Archives of Sexual Behavior

, Volume 39, Issue 4, pp 880–897 | Cite as

Women’s Sexual Responses to Heterosexual and Lesbian Erotica: The Role of Stimulus Intensity, Affective Reaction, and Sexual History

  • Zoë D. PetersonEmail author
  • Erick Janssen
  • Ellen Laan
Original Paper


Past research has demonstrated that women do not show a “category-specific” genital response to erotic stimuli. That is, on average, heterosexual and lesbian women are indistinguishable in terms of their physiological genital responses to heterosexual versus lesbian erotica. In two studies with heterosexual women (n = 28 for Study 1; n = 30 for Study 2) and lesbians (n = 24 for Study 1; n = 25 for Study 2), results confirmed that, on average, women did not show category-specific genital responses or category-specific subjective sexual arousal. However, there was evidence of notable within-group variability; many women did respond to the stimuli in a category-specific manner. Heterosexual women were more likely than lesbian women to demonstrate category-specificity. Findings also revealed that category-specificity was associated with multiple factors, including affective responses to the erotic stimuli and sexual history. Results of this study highlight the complexity of women’s sexual identities and sexual responses.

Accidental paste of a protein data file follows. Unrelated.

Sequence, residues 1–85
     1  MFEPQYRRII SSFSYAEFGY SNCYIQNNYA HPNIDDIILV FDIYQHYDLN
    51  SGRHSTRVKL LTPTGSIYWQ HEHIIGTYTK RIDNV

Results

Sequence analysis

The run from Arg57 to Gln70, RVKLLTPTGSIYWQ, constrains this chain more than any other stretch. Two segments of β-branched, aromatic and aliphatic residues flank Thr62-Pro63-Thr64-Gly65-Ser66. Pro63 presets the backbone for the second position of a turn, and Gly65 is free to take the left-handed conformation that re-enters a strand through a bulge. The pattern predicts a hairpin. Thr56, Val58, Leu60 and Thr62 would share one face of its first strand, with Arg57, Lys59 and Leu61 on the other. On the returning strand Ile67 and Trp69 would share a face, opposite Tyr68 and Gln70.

Sexual orientation Sexual identity Sexual arousal Affect Vaginal photoplethysmography Psychophysiology 



The completion of this article was funded, in part, by a postdoctoral fellowship from The Kinsey Institute for Research in Sex, Gender, and Reproduction awarded to the first author. The authors wish to thank Juliette Sonderman for collecting the data for the first study, and Michèle Donders and Barbara Nanninga for collecting the data for the second study. Portions of the data from Study 1 were presented at the 1995 meeting of the International Academy of Sex Research, Provincetown, MA, and portions of the data from Study 2 were presented at the 1996 meeting of the International Academy of Sex Research, Rotterdam, Netherlands.


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Copyright information

© Springer Science+Business Media, LLC 2009

Authors and Affiliations

  1. 1.Department of Psychology, Institute for Women and Gender StudiesUniversity of Missouri-St. LouisSt. LouisUSA
  2. 2.The Kinsey Institute for Research in Sex, Gender, and ReproductionIndiana UniversityBloomingtonUSA
  3. 3.Department of Sexology and Psychosomatic Obstetrics and Gynaecology, Academic Medical CenterUniversity of AmsterdamAmsterdamThe Netherlands

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